Cooper Rush has not only spent his collegiate career making his mark in Central Michigan’s record book, he has also been starring away from the football field.
The fifth-year senior was a finalist for this year’s William V. Campbell Trophy, which is annually awarded to college football’s top scholar athlete. While he did not win the award, which fellow MAC quarterback Zach Terrell captured, he was in elite company as one of 12 finalists assembled at the Waldorf Astoria Hotel in New York last week for the banquet.
“It was truly an amazing event,” he said. “It was an honor to be there with hall of famers and basically everybody who matters in football. It was awesome to be involved with that.”
Rush is Central Michigan’s first player in 29 years to be named a National Football Foundation National Scholar Athlete. The Charlotte, Mich., native and graduate student earned a bachelor's degree in actuarial science with a 3.86 grade-point average.
In addition he was an Allstate AFCA Good Works Team nominee and Tuesday was named Academic All-MAC for the fourth straight year.
“When you really think about it, it is kind of the ultimate package award with athletics, academics and social service,” he said of the scholar-athlete recognition. “It is really cool to be honored with some great people and you get recognized for something other than just your athletic ability. It is definitely a true honor.”
Rush’s resume on the gridiron boasts of some eye-opening accomplishments as well, including being the active FBS leader in career passing yards with 12,653. That figure is second all-time in the MAC to the 12,905 Dan LeFevour accumulated with the Chippewas from 2006-09. Rush has a good shot at moving into first against Tulsa in Monday’s Miami Beach Bowl, where a win would give CMU a 7-6 mark for the third consecutive year.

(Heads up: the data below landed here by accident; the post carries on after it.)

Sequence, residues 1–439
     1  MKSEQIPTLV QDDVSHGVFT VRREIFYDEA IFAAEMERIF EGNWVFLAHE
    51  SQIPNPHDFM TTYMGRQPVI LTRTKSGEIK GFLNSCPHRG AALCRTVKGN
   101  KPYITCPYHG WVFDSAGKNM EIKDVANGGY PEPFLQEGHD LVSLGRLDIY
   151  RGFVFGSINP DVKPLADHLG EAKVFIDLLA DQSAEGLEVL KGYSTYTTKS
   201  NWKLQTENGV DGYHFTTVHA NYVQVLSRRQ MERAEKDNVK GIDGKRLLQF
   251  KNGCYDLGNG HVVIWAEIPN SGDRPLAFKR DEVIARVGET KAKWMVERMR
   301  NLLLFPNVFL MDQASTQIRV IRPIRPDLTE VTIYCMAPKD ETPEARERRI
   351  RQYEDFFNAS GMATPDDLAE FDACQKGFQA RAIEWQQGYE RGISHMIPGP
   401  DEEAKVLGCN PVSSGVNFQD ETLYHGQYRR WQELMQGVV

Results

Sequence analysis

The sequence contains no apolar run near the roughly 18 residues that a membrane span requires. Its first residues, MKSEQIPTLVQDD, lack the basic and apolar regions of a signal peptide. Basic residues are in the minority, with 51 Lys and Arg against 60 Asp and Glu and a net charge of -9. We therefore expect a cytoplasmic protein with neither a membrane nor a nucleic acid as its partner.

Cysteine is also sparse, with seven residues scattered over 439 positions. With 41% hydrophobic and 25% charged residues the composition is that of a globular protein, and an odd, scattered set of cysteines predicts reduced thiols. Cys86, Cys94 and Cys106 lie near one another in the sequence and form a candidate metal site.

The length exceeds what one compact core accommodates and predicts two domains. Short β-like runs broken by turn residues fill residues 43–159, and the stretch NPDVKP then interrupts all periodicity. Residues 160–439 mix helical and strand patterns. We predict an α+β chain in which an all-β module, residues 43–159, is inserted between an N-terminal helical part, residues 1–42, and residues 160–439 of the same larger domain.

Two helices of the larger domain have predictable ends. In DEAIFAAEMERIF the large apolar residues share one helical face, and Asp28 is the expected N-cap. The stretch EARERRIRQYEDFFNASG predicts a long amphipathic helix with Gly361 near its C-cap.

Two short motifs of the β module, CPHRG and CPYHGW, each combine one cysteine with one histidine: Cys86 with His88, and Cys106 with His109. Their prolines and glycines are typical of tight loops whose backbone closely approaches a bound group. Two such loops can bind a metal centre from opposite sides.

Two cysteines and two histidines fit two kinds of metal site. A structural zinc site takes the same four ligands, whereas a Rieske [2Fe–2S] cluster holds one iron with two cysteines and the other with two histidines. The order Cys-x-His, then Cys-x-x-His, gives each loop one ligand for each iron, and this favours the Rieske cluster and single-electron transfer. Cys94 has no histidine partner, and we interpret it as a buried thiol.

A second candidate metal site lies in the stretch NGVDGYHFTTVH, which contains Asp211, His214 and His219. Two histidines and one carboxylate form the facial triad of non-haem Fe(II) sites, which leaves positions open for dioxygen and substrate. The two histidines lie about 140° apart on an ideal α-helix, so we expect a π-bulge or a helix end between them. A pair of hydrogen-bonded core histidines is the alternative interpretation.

As somebody who grew up loving mathematics it is only appropriate Rush has kept the calculator humming when it comes to his litany of single-game, single-season and career passing accomplishments that have marked his career in Mount Pleasant.
“In high school math was my favorite subject,” he said. “Coming to college I didn’t know exactly what I wanted to do, but I knew I was good at math and I just kind of found my major. I have always been intrigued by math.”
Matt and Fran Rush stressed the importance of education to their three sons, Cooper, Dillon and Owen, a freshman on the Grand Valley State golf team. They had to hit the books before being allowed to go outside and throw the ball around.
“I remember growing up that me and my brothers could not go outside and do anything or play any sports until we finished our homework,” said Rush, a four-year starter who will make his 48th straight start in the bowl game. “It was kind of built into me from an early age that you have to get your schoolwork done first before you can do other things.”
That is one of the many reasons why Rush, who was included on every quarterback-related watch list, credits his parents for shaping him into the individual he is today.
“My parents are great people that both came from great families,” he said. “It got passed on to me and my brothers to prioritize correctly and keep things in line. They always preached education, service to others and stuff like that.”
Rush has been giving of his time by, among other things, helping with the Special Olympics and feeding the less fortunate. People throughout the world of college football have noticed his many deeds, which is why has won or been a finalist for a good number of awards that recognize such achievements.
An exclamation point on his college football career is that he will fly to St. Petersburg to partake in the East-West Shrine game. The all-star showcase for seniors takes place at Tropicana Field on Jan. 21 and provides a platform to catch the attention of NFL scouts.
A professional football career is something Rush desires before perhaps becoming an actuary and hooking up with an insurance company or some related business.
“I want to pursue football as long as possible,” he said. “After that, if I want to get into it, I have a good degree and can work toward becoming an actuary.”
Tom Layberger is a freelance writer based in Glen Mills, Pa. Follow him on Twitter at @TomLay810.